The Snidely Hospital Foundation’s three new employees have been sentenced to five years’ probation by their new boss. The three will have to work at least five years on probation before they are considered “real” employees.
“We’ve got those people just where we want them – close to indentured servitude,” said Foundation Executive Director Dibble Brewer. “They’re anxious, scared and know we can easily replace all of them in a heartbeat. That’s just how I like my foundation to operate.”
Most employers usually put their new employees on probation for six months or a year. However, a new trend is seeing employers extend probation periods for up to two years. The move saves money because employers don’t have to pay full benefits. It also lets employers jettison new workers quickly and easily if funding for their salaries changes.
“Our donors want us to have the lowest overhead administrative costs as possible. They don’t want us to spend money on things we don’t need like treating our new hires as real people. They want us to enslave them,” said Brewer. “They also want me to drive a Lexus as my leased vehicle.”
The three new employees, a finance clerk, a major gifts officer and the manager of direct mail, will all start work next Monday dressed in rags, chained to their desks with only two minutes for breaks and 15 minutes to eat lunch. They will receive their regular salaries, but only after they “donate” at least 20% of their wages to the Foundation. Benefits for probationary employees includes free rags and chains and a significant amount of weekly overtime, including hand washing and polishing the Foundation’s new Lexus.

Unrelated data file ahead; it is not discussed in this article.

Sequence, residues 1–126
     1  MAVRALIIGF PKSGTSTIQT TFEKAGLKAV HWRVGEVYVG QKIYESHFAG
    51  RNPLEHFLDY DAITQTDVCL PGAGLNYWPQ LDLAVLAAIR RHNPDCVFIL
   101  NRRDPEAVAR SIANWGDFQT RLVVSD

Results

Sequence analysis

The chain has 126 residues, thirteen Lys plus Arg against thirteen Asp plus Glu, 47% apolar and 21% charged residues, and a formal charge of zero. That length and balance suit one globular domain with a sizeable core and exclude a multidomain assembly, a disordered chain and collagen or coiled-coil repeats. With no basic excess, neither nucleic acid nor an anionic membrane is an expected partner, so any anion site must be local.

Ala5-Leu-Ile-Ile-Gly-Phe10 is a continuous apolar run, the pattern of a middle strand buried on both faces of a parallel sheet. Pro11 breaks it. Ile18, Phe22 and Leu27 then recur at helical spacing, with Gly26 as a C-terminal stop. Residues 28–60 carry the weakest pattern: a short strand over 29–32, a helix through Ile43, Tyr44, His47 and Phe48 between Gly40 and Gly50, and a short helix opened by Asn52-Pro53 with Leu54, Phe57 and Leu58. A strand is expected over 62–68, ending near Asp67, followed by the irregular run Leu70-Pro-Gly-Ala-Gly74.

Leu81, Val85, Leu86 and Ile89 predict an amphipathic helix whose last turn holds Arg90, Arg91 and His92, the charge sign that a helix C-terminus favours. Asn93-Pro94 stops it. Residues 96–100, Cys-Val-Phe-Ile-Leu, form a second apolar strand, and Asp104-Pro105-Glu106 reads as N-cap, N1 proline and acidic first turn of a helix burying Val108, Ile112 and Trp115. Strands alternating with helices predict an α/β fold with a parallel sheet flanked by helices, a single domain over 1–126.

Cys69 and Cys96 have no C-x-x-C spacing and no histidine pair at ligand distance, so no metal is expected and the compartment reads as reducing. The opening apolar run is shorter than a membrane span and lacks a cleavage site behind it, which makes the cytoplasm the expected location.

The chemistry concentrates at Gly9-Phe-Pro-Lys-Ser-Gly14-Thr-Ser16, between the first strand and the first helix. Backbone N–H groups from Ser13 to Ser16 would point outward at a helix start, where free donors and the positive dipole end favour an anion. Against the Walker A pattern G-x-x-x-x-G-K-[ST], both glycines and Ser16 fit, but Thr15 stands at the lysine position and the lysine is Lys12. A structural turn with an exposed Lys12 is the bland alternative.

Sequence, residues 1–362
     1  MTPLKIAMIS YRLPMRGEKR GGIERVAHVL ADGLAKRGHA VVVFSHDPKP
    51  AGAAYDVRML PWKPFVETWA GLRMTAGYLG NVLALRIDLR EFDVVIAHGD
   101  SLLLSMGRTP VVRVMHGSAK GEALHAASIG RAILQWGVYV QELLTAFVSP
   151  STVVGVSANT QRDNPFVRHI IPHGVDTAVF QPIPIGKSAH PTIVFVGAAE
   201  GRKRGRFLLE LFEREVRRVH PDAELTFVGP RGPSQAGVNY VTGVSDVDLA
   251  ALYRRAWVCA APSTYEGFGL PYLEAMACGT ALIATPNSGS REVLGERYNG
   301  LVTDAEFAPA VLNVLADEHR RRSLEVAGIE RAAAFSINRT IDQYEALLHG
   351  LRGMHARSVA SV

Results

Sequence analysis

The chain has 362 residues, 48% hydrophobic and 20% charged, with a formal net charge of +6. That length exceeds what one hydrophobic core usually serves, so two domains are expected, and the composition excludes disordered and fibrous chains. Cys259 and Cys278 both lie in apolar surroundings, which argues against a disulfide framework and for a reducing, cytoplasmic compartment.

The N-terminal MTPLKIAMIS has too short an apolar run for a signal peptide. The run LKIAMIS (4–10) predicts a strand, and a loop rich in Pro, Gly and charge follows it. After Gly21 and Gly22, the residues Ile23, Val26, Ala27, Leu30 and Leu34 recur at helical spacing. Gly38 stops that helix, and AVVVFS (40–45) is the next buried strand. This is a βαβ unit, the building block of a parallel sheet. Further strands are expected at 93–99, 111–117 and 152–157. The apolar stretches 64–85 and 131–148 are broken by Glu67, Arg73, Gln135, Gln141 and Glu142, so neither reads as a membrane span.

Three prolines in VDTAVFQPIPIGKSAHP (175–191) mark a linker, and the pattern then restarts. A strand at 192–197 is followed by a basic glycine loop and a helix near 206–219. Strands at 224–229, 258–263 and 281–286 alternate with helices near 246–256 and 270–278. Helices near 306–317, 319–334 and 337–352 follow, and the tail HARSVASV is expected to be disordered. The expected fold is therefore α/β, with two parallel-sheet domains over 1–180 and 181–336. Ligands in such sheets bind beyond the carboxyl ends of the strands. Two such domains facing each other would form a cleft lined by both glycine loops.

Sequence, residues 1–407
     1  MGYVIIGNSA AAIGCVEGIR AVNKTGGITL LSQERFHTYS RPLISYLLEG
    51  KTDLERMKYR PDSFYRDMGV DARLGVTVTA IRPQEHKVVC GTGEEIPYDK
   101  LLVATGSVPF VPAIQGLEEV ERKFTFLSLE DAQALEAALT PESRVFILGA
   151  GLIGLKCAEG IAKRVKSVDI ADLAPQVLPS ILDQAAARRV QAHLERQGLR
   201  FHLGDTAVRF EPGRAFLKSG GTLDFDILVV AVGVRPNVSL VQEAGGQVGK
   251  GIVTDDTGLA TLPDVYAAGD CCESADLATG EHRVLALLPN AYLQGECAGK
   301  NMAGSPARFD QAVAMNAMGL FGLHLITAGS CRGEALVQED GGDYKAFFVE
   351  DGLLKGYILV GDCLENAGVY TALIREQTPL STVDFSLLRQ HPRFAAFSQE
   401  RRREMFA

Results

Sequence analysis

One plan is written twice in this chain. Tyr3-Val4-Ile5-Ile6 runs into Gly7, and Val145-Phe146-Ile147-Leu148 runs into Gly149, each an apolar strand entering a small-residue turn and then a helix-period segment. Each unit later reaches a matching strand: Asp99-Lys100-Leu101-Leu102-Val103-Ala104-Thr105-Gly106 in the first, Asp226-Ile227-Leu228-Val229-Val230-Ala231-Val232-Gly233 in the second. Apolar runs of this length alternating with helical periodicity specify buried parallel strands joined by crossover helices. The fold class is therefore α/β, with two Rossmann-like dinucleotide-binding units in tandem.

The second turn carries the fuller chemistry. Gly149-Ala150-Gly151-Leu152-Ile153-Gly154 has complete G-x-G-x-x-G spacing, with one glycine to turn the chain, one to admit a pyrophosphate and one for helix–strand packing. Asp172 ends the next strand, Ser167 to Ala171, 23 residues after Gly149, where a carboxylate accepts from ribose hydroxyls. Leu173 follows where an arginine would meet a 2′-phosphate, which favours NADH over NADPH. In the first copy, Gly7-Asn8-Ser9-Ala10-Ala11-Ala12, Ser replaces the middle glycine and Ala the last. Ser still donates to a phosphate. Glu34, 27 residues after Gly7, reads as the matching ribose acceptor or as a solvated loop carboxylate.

“Probation was created as a kind of purgatory between Heaven and Hell for criminals and new hires alike,” says employment expert Susan Dewey, of the HR consulting firm Dewy, Screwum and Howe. “It was first brought into the workplace back in the early 19th century when employers were worried that new hires would run away with the keys to the safe. Now, it’s just a permissible form of abuse.”
The new hires say they appreciate the chance to work at the Foundation under the guidance of Ms. Brewer, whom they call “The Master”.
“I am grateful to be have given this opportunity to be treated like a second-class person by this great institution,” said new direct mail manager Lorraine Devouno. “I am not worthy of more than the lot I have been given by my masters. Please abuse me more. ”
For her part, Brewer has so far been pleased with her new probationary employers.
“I hired them because of all the semi-qualified people who applied these were the ones who were the biggest bootlickers. So far, they have not disappointed me.”
Funding for the three new employees is not set in stone. In fact, the finances of the Foundation have been in doubt since they ended their $25 million “Give Something!” capital campaign last month. The Foundation already had to lay off several people.
“We got rid of those employees who made too much and brought in these folks who make just a fraction. And the best thing about them is that they are expendable. I can get rid of them any time I want. In fact, I might just fire one of them tomorrow to show my evil power. And that’s what philanthropy is all about,” said Brewer.
The Foundation is hoping to expand its probationary program in the near future to include new hires who are permanently on probation and then extend the program to board members.